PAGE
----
According to the rules currently in force, the taxiing of a craft on an airport is performed on request and by the commander of the craft, but according to the authorizations provided by the airport or air traffic control authorities in charge of ensuring the organized and safe flow of ground movements. The commander of the craft taxies his craft freely within the framework of the authorizations obtained.

Hitherto, compliance with the various constraints associated with airport surface taxiing and their compatibility with the authorizations granted has been performed visually by the commander of the craft. Likewise the surveillance of the airport surface taxiing movements and their compatibility with the authorizations granted has been performed visually by the airport or air traffic control authorities, very often with the aid of surveillance systems, based for the most part, on airport surface ground surveillance radars, and possibly supplemented in the last few years with multi-lateration ground systems using the data originating from onboard transponders.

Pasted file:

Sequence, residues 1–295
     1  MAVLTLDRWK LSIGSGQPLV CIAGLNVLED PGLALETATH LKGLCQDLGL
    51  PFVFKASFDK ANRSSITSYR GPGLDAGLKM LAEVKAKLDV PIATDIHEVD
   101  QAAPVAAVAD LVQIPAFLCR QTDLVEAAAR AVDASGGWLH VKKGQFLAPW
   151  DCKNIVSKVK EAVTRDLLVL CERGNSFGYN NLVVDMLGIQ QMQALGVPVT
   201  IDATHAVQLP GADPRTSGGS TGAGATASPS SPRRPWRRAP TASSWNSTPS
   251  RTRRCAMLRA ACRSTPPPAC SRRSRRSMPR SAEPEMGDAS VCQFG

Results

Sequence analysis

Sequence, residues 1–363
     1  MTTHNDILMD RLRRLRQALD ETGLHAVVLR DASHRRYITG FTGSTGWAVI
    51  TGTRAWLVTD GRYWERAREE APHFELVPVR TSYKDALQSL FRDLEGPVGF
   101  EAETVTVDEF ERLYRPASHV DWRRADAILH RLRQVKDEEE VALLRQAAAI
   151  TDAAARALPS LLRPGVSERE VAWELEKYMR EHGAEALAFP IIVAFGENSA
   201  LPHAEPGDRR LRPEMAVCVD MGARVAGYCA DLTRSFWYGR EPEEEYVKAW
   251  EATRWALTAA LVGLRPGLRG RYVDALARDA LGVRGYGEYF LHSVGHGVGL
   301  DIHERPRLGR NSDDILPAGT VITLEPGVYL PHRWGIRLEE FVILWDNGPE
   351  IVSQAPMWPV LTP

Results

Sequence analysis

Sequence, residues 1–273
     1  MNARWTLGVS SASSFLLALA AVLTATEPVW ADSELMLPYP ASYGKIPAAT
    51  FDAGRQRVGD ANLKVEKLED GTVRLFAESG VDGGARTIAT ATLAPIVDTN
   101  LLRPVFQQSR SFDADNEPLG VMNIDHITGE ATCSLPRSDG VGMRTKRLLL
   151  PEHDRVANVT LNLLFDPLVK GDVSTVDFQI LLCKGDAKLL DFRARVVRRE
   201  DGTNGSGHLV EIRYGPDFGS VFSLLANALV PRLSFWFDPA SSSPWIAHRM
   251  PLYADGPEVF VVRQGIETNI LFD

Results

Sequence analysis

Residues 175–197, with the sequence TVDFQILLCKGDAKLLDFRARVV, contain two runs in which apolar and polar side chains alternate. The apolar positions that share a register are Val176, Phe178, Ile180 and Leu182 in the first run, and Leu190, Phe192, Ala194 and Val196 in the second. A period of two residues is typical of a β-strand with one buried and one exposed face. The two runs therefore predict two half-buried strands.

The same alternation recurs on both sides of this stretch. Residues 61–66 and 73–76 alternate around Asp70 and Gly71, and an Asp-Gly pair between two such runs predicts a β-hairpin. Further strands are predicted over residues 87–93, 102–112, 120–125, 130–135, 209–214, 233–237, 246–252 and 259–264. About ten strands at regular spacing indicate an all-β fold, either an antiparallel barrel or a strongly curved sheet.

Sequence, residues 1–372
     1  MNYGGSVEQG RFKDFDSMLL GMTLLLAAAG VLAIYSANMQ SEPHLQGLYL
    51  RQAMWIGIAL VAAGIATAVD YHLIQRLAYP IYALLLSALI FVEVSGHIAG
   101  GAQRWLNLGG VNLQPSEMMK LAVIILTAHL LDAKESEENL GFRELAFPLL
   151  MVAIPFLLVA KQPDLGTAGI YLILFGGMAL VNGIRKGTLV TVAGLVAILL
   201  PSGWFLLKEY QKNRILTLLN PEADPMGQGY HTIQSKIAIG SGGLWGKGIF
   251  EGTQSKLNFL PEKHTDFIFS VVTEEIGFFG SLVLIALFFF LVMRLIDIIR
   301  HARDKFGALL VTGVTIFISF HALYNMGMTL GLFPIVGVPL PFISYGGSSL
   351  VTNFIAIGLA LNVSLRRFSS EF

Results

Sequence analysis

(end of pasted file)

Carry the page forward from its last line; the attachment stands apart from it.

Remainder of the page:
On the basis of visual checking and of the position information provided by these airport surface ground surveillance systems, the airport or air traffic control authorities formulate, for the various craft, taxiing authorizations that are valid up to a so-called reporting point, where the craft must wait and obtain a new authorization to perform a new movement, doing so until it reaches its final destination.

The taxiing authorizations and their characteristics (route, compulsory reporting point) are very widely provided by speech (typically via a VHF radio channel). Hitherto, they have been taken into account mentally by the commander of the craft and rarely inserted into onboard systems.